I am looking at the STM32 F4 series Discovery board. I have the eval board on my desk currently. I want to use this system to send data from USB to a 3 byte parallel data bus using an external clock source. I am using the STM32407 chip. I need to input data from a PC through the USB bus. My wish list is for the chip to handle a 2 MHz external clock rate and load the 3-byte GPIOs every clock cycle. That would be 2MHz x 24bits = 48 Mbits/s or 6 MBytes/s if my math is correct. The output from the STM32 GPIO would need to be smooth as the USB would be in packets. Is the 2 MHz possible? Can I go faster? Thank you very much.

  • \$\begingroup\$ What speed does the USB on the SoC support? Assuming you need to buffer the data, is there enough RAM, and a DMA facility to keep the USB fed? \$\endgroup\$ – Sean Houlihane May 24 '16 at 22:11
  • \$\begingroup\$ It has the on-the-go OTG-USB slave/master port. It says USB full speed. The STM32F407 chip has 192 KBytes of ram. I know very little about the direct memory access of this chip. I bought the eval kit to learn about this chip and it looks promising and fun. I am a complete novice about this chip. I would expect one would set the ram buffer size of the USB system and it would flag the PC when data is needed. All this to be done in the background. Code should then increment a position counter and move the next three bytes to the GPIO ports on a pin change. \$\endgroup\$ – Doug May 24 '16 at 23:54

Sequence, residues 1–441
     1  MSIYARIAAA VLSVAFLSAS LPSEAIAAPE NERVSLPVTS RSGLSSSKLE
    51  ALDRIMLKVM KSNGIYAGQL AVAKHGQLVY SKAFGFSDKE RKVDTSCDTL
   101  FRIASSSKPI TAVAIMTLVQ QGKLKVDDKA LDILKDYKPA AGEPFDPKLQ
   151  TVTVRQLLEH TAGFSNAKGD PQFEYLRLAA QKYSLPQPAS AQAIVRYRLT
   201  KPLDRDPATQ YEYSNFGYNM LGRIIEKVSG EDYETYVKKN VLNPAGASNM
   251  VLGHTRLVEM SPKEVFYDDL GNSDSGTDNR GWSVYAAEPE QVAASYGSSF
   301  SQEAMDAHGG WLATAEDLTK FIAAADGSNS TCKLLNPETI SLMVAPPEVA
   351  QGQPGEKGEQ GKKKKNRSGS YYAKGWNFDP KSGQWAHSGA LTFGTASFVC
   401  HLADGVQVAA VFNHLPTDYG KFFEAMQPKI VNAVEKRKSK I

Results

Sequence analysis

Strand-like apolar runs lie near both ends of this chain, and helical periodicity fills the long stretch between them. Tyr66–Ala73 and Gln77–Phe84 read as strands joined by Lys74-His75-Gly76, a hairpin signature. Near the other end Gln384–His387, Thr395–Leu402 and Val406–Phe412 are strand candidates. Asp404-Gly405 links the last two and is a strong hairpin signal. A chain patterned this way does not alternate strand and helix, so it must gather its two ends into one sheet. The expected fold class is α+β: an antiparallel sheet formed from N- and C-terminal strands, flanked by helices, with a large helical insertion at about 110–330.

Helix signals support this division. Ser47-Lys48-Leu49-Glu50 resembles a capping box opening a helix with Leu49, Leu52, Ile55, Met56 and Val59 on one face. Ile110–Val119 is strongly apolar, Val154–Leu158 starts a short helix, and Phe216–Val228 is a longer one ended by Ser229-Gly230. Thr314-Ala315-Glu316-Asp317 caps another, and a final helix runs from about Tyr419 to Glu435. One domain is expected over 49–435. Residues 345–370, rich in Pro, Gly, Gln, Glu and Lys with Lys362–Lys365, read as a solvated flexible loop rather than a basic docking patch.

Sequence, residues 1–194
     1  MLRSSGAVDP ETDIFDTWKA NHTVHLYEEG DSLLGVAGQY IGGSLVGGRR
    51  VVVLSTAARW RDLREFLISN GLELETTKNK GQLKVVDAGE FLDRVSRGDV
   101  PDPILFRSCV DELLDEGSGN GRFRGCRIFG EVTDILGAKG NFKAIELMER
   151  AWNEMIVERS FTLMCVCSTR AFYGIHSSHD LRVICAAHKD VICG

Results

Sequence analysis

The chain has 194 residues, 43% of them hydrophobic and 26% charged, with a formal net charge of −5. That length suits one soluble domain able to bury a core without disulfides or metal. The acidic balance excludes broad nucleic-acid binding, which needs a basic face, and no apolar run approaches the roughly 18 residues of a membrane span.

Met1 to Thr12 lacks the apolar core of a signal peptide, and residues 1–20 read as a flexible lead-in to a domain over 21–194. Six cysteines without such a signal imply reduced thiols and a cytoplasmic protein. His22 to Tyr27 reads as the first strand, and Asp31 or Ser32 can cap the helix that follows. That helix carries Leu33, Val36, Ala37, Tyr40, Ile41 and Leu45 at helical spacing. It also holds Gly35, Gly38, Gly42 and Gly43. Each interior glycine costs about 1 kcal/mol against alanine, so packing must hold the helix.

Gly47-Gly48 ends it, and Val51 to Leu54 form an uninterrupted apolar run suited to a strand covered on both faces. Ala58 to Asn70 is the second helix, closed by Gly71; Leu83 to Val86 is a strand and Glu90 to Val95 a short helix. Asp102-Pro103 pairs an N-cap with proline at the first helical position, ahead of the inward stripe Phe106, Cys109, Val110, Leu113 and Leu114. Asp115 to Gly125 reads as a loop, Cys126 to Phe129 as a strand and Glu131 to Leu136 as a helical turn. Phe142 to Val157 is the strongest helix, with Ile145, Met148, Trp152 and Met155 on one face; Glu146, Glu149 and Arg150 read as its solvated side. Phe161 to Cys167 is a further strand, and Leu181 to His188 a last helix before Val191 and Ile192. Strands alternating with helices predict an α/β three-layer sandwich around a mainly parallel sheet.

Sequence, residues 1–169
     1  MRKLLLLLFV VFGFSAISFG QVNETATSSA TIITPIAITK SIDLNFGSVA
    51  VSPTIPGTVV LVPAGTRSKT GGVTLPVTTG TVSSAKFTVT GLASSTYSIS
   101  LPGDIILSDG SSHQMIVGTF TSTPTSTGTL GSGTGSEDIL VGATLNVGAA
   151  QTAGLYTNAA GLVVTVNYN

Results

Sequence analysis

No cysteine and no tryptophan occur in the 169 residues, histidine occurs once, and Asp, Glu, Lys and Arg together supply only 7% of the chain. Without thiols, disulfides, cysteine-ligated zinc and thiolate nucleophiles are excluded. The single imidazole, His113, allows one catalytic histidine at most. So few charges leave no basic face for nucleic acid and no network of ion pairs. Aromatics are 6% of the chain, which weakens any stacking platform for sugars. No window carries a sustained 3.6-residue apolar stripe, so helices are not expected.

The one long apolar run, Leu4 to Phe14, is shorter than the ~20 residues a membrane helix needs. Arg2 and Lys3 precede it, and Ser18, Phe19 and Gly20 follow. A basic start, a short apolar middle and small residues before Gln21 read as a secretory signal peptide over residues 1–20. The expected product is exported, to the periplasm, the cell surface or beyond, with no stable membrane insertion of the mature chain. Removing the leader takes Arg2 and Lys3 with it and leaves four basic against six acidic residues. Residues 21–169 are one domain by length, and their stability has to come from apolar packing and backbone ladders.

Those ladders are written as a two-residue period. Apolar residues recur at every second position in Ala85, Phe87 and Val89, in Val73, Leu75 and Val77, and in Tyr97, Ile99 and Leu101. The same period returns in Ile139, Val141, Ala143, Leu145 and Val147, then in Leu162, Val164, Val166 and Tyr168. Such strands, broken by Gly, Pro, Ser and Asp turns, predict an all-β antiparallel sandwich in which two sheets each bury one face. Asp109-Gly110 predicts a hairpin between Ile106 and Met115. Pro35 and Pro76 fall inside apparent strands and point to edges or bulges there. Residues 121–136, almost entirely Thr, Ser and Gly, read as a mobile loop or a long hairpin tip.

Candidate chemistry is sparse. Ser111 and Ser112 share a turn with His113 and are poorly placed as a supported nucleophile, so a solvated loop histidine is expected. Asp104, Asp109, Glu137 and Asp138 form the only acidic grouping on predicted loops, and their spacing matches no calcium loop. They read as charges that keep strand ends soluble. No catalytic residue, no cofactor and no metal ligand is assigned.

6 MBytes/s through USB full-speed 12Mbit USB is impossible. So no 2MHz outside clock is not possible through that interface.

A more feasible target through that interface might be about 0.5MB/s over USB. Loading a 3-byte GPIO, would be about 0.5/3, or 167kHz.

The STM32F4 Discovery board (part number STM32F4DISCOVERY) does not have the USB high-speed, 480Mbit, interface implemented, so you'll need to build that (I vaguely remember something about a daughterboard with some more peripheral interfaces, might I might be wrong).

You'll need to check out the library code to drive that peripheral. It runs at 168MHz, which is 28 cycles/byte. ARM load and store instructions are 2 cycles, so 28 cycles isn't many instructions. Worse, GPIO ports are only 16 bits wide, so it's going to be a couple of writes to set up the 24 bits. Depending on the 24-bit bus, it might need a handshake too. Each of those writes is 2 cycles. IIRC DMA runs at about 1/4 CPU frequency (I'd need to dig hard to find that).

It only has 192kB of RAM, so say 180kB for buffers. That is only 3% of your data rate, i.e. 33milliseconds, which isn't very 'luxurious'.

So I guess it might be feasible, but it is likely to be a hard piece of code to write and polish.

I'd have to do some tests to get a better sense for what is reasonable.

I might try something like a BeagleBone Black, i.e. about 4-5x more CPU. It has two RISC CPU's on SoC too, which could offload the low-level I/O, and lots of I/O pins. It might even have 32bit wide ports (maybe someone else can comment).

I wrote and polished code to toggle one pin on STM32F103, which ran at a CPU clock of 72MHz. IIRC it got 12MHz doing no processing at all. So 2MHz, with two I/O port writes, with USB processing, but just over 2x faster clock (which will suffer program memory wait states), seems impossible.

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  • \$\begingroup\$ I like the BeagleBone Black. It is a lot faster. However, it does a lot. It is like my back hoe. It does a lot of things but does not do one thing very well at least when I am using it. \$\endgroup\$ – Doug May 25 '16 at 0:03
  • \$\begingroup\$ @Doug - I think the BeagleBone gives you a few things, but mainly the two 200MHz RISC cores, lots of RAM, and High-speed USB. \$\endgroup\$ – gbulmer May 26 '16 at 3:02

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